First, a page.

2. 2. Case Studies and Examples for ESS by Topic 2 -­‐ Examples of renewable, non-­‐renewable, and replenishable resources (not just energy resources!) and explain why each is not categorized differently -­‐ renewable: Dmber, soils, sunlight -­‐ replenishable: groundwater, stratospheric ozone -­‐ non-­‐renewable: minerals, fossil fuels, uranium -­‐ Examples of dynamic nature of a resource: -­‐ Uranium had liFle or no value as a mineral unDl the age of atomic weapons and electricity, but once nuclear energy/weaponry was seen as a symbol of poliDcal power and naDonal pride, it became highly valued as a resource. Aeer Chernobyl, nuclear energy fell out of favor and so decreased in value, but once the focus on climate change and global warming began, nuclear power’s value increased because it does not release GHG’s. -­‐ Petroleum became much more valuable both as a commodity and poliDcally once the BriDsh navy switched from coal-­‐powered steam ships to oil-­‐powered diesel engines. -­‐ Be able to discuss the significance of the Brundtland Report, the 1992 Rio Earth Summit, and Agenda 21. -­‐ Give specific examples of people choosing different energy resources, and explain why: -­‐ Tibetan/Himalayan use of animal dung as a cooking/heaDng source because there are few/no trees available for fuel wood, and the trees that do grow there are very slow-­‐ growing due to climaDc limitaDons. -­‐ Tuareg/nomadic people of the African Sahel using dung for cooking source for same reasons as Tibetans. -­‐ United States, DRC, and China using hydropower because they have the right combinaDon of large rivers and steep-­‐sided gorges to build efficient dams. -­‐ Historical example of fishermen and whaling communiDes using whale oil for lighDng before coal-­‐fired electricity was invented. -­‐ All the case studies in chapter 12 regarding soil degradaDon and conservaDon: -­‐ What is the acDvity that caused the soil degradaDon? -­‐ How did/does that acDvity degrade the soil? -­‐ What is the intervenDon/strategy that conserved the soil? -­‐ How did/does that strategy conserve the soil? -­‐ All the case studies in chapter 11 regarding water resources’ degradaDon and conservaDon: -­‐ What is the cause of the degradaDon of this water resource? How is it causing the degradaDon? Answer these 2 quesDons for each of the case studies below. -­‐ Aral Sea -­‐ Colorado River -­‐ 3 Gorges Dam -­‐ River Jordan -­‐ Explain why the ecological footprint is different between a named MEDC and a named LEDC (can also focus on differences between rural/urban areas in the same country). IdenDfy and explain specific differences between them in each of the areas below: -­‐ food land -­‐ infrastructure land -­‐ wood land -­‐ waste absorbing land Topic 4 -­‐ Natural SelecDon: Describe specific examples of isolaDon and speciaDon. -­‐ Darwin’s finches -­‐ Bonobos and chimpanzees in West Central Africa -­‐ African and Indian elephants InternaDonal School of Tanganyika IBDP Environmental Systems and SocieDes -­‐ SL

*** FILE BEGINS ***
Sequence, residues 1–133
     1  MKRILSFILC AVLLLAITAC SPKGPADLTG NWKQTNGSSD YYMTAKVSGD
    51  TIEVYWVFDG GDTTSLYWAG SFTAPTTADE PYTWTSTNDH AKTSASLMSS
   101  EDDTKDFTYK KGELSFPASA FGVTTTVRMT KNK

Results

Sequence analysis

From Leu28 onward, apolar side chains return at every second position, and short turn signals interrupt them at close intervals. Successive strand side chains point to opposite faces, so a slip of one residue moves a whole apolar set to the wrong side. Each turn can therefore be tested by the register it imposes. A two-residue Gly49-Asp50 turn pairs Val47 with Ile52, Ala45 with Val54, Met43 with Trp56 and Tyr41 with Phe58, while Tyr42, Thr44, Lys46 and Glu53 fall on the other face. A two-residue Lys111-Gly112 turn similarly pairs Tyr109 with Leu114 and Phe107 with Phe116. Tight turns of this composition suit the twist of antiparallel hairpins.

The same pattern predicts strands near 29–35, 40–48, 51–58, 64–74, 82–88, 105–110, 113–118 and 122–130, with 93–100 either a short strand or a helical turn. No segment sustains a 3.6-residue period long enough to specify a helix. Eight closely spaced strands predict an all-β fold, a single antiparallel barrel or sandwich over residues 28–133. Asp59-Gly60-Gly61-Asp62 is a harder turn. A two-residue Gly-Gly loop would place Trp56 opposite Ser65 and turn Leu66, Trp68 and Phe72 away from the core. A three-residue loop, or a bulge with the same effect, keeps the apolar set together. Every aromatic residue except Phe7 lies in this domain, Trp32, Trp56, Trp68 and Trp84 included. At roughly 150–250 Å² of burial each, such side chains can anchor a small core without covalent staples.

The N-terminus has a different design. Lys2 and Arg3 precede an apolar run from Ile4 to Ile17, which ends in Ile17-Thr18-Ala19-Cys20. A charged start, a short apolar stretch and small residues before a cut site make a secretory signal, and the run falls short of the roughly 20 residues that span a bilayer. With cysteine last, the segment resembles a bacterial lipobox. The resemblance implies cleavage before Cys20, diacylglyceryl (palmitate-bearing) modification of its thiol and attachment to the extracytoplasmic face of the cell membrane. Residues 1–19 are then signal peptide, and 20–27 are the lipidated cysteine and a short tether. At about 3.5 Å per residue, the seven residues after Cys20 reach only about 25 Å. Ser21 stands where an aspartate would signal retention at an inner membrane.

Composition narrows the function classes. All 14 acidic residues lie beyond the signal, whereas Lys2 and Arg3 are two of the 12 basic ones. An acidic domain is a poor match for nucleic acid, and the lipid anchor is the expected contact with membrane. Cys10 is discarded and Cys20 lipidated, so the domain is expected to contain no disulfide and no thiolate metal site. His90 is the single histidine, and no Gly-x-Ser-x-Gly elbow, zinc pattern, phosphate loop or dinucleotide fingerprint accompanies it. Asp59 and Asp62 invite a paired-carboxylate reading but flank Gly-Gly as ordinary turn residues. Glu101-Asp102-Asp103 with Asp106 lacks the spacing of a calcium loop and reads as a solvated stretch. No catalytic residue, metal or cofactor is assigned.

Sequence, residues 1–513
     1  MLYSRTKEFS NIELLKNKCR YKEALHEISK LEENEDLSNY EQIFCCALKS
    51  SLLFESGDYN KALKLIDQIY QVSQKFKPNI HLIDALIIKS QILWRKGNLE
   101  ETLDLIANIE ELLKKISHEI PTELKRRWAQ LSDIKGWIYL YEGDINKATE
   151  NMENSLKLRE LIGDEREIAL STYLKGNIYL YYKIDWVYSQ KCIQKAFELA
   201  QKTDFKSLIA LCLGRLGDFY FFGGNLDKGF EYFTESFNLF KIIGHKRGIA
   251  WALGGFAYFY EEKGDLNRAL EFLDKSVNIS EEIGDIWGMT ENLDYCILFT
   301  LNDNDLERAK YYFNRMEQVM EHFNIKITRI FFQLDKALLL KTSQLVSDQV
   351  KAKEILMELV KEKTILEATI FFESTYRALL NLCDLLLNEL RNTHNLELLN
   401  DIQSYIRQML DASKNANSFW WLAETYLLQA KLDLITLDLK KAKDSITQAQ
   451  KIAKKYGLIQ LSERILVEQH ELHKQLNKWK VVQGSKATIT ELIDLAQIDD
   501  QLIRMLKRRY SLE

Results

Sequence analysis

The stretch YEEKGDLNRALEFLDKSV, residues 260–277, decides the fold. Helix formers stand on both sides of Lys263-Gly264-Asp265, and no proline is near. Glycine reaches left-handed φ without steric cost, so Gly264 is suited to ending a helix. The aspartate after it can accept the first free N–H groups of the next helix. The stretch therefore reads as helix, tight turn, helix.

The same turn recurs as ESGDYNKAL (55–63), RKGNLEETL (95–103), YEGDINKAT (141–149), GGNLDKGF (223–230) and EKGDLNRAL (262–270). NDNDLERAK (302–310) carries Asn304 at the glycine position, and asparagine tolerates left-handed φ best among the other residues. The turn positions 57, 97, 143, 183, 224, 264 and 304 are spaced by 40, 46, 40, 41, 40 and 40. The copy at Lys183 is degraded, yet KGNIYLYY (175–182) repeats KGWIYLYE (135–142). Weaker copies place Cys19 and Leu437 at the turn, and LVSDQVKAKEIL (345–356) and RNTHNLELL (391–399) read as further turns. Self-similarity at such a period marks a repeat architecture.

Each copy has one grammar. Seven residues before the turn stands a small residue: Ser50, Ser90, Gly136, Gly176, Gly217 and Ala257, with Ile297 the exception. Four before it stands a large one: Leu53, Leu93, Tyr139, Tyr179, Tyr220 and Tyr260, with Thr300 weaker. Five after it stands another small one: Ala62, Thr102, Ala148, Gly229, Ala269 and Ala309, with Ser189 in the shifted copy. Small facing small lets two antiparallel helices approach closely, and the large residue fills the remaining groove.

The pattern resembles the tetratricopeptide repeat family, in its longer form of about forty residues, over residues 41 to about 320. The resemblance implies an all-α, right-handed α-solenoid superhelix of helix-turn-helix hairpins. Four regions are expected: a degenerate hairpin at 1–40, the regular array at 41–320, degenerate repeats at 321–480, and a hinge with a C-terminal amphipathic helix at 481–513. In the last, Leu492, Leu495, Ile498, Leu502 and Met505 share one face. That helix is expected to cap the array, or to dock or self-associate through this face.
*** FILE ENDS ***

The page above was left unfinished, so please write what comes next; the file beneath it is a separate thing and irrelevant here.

3. 3. Case Studies and Examples for ESS by Topic 3 -­‐ Black panthers in West African tropical forest and leopards in East African savannas -­‐ many other examples: Madagascar plants and animals, chameleons in Eastern Arc Mountains of Tanzania -­‐ Factors diminishing biodiversity: List and describe examples of all the factors leading to a loss in biodiversity around the world. -­‐ fragmentaDon and loss of bamboo forest for the giant panda -­‐ invasive species (rabbits in Australia, kudzu in southeastern USA, Indian crows in Tanzania) -­‐ populaDon pressure (human encroachment on mountain gorilla habitat, leopards in India) -­‐ At least 2 examples each of exDnct, threatened, and recovered species around the world: -­‐ your own endangered species presentaDon -­‐ download and study at least one other student’s presentaDon as well -­‐ Evaluate the success of different conservaDon/protected areas: -­‐ physical components (size, shape, corridors, etc) -­‐ interacDon with local human populaDons -­‐ examples from Tanzania -­‐-­‐ many to choose from, but sDck the most famous -­‐ case studies in Ch. 6 -­‐ case 1 and case 2 on p.25 of the Course Companion Topic 5 -­‐ Examples of specific types of pollutants: Be able to describe the human acDvity and the resulDng polluDon problem from all the major events chronicled in the history of the modern environmental movement: -­‐ Silent Spring -­‐ Minimata -­‐ 3 Mile Island -­‐ Love Canal -­‐ Chernobyl -­‐ Bhopal -­‐ Know the purpose, relaDve success, and reasons behind that success of both the Montreal Protocol (1987) and the Kyoto Accord (1994) Topic 6 -­‐ Why was Kyoto needed? Why was it / wasn’t it successful? A general outline of the idea of Kyoto. -­‐ Effects of global warming: Give specific examples of the impacts of climate change listed below -­‐ spread of tropical diseases -­‐ movement of biomes -­‐ impacts on coastal populaDons and infrastructure -­‐ sea levels -­‐ weather paFerns -­‐ agricultural producDvity Topic 7 -­‐ Discuss how the events listed under history of the modern environmental movement shaped the people who lived through them. -­‐ Compare the environmental value systems of two disDnctly contrasDng socieDes: -­‐ Course Companion pp. 22-­‐25 -­‐ communist vs capitalist -­‐ Buddhist vs Judeo-­‐ChrisDan InternaDonal School of Tanganyika IBDP Environmental Systems and SocieDes -­‐ SL